Everything a Manager Ever Needed to Know

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By Dave Burt, CPA - About 20 years ago I use to read this magazine that would run Dewar’s ads that would profile top executives from big name firms. Usually, they were CEO’s or Presidents or alike. The ads would tout their accomplishments, education, etc, and list their favorite books and favorite drink (Dewar’s, of course.) One of the books that kept coming up over and over was How to Win Friends and Influence People by Dale Carnegie first published in 1937. I decided to investigate Mr. Carnegie’s works and, in the end, it changed my life. After about five years of practicing winning friends (did I mention I had only one to start?) I was, professionally and personally, a new man. Well, let’s say, a better manager, at least. To begin this transformation, I did just what Dale instructed (influenced little self-centered) me to do by cutting out (a copy of) the summary of techniques offered at the end of each chapter. I laminated them and placed them in places where I would surely not misplace. The following are his (3) Fundamental Techniques in Handling People:
“Don’t criticize, condemn or complain.” While that sounds hard, and it is, it does require you to think about what you are going to say before you say it. Which, oh, forlorn, we don’t, often enough. So, to make it easier on me, I developed a habit. I would only talk in fact and feelings. I got this from Dragnet’s Jack Webb when he would say to the overly excited landlady, “Just the facts, madam, just the facts.” It is just as powerful, if not twice so; to just point out that an entry was made wrong, then to condemn some poor staff accountant, who, most likely already knows about the error and is already living in chagrin.
“Give people a feeling of importance; praise the good parts of them.” Now I’ve heard that the body’s desire to feel important is ranked second only to the desire for an ice cold beer with a Mexican meal. Let’s give you an example. Needing a pick me up after lunch, I got in the habit of fixing a pot of Starbucks in the afternoon and offering to share it with the “guys” in Quality Control. So it wouldn’t go to waste, of course. When, occasionally, I would forget or didn’t feel like it, I would hear cry’s of “You don’t like us anymore!” I’ve a hunch that they felt important to be asked to share a pot of coffee. Such minor things aren’t, sometimes.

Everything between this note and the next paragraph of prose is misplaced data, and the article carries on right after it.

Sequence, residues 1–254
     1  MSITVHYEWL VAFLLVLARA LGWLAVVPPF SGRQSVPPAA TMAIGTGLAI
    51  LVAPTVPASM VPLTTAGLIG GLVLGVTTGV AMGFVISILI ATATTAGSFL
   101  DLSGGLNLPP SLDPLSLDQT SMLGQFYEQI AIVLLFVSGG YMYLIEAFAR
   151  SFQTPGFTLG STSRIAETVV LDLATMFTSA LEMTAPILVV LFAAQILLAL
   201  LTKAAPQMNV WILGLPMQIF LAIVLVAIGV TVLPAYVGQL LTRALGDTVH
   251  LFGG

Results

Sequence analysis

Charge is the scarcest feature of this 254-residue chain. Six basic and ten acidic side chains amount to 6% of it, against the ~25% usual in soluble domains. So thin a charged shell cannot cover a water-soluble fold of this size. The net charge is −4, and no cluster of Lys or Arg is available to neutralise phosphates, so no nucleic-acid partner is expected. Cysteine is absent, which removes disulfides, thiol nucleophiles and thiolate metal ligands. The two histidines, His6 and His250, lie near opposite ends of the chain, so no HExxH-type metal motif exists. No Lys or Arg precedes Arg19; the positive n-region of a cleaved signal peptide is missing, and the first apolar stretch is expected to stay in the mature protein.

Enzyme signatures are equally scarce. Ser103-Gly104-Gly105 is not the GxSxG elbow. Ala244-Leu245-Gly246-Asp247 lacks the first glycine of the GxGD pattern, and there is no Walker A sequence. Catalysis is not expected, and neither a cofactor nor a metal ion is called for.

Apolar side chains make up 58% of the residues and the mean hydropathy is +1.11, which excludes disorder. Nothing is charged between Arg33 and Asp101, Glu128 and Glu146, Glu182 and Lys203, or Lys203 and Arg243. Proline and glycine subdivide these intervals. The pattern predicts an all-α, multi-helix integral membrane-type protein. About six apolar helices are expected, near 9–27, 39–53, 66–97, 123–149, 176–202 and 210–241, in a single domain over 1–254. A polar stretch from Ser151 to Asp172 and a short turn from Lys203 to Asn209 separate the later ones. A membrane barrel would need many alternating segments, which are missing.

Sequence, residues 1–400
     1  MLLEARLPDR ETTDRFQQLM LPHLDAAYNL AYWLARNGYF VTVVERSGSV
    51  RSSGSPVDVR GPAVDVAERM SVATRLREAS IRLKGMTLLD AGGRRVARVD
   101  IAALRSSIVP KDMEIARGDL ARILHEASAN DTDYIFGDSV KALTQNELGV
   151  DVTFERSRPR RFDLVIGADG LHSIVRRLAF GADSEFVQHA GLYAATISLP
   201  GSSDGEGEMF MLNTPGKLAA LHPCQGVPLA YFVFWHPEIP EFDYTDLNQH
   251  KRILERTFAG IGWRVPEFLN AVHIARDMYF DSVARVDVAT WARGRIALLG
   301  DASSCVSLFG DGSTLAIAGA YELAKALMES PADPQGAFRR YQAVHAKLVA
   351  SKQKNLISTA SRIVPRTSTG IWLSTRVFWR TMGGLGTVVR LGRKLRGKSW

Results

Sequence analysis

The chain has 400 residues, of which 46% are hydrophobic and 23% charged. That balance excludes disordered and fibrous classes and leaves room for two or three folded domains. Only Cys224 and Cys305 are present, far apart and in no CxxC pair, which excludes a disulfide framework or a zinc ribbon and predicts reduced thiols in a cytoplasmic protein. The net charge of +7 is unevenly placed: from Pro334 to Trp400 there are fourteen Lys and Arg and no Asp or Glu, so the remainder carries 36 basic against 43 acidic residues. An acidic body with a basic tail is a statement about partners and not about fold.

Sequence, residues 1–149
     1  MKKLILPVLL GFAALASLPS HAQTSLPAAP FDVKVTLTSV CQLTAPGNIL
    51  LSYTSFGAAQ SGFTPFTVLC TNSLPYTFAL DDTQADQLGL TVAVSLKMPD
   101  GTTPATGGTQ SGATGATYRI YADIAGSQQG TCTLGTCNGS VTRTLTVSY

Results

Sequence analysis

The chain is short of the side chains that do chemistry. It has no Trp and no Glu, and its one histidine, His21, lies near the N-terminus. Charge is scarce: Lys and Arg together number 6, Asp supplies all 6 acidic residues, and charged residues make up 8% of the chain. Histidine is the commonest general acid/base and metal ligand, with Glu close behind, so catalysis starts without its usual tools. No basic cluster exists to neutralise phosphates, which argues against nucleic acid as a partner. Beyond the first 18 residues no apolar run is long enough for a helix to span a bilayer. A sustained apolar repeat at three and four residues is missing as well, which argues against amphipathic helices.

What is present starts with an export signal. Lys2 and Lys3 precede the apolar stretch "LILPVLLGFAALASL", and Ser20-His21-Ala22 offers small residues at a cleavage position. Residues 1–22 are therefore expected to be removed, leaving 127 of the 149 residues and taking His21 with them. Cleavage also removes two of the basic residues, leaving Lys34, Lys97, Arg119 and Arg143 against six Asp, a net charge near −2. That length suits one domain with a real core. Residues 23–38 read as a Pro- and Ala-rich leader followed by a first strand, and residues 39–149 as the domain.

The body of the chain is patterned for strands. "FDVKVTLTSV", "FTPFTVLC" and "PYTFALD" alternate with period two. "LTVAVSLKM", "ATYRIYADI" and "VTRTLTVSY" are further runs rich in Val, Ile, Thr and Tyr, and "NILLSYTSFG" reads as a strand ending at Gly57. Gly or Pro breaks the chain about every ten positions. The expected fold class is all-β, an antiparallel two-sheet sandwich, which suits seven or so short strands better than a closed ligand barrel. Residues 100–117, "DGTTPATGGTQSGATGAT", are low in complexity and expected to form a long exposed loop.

“Get the other person to do what you want them to by arousing their desires.” Don’t we all want everyone else in the office to do what we want them to do? C’mon, you know you do! We don’t want them to be robots, just get their work done without gossiping or arrive on time most of the time or become mysteriously errorless. We want, as managers, to have them do whatever makes our life easier. Right, so, how do we do that? We must first make them want to make our life easier. They need to desire to see us smile as we gaze over our little fiefdom. Well, how? What’s the secret, pal? That, my friend, can be found in one or more of Dale’s Twelve Ways to Win People to Your Way of Thinking:
• “Avoid arguments."
• "Show respect for the other person's opinions. Never tell someone they are wrong."
• "If you're wrong, admit it quickly and emphatically."
• "Begin in a friendly way."
• "Start with questions the other person will answer yes to."
• “Let the other person do the talking."
• "Let the other person feel the idea is his/hers."
• "Try honestly to see things from the other person's point of view."
• "Sympathize with the other person."
• "Appeal to noble motives."
• "Dramatize your ideas."
• "Throw down a challenge."
David Burt

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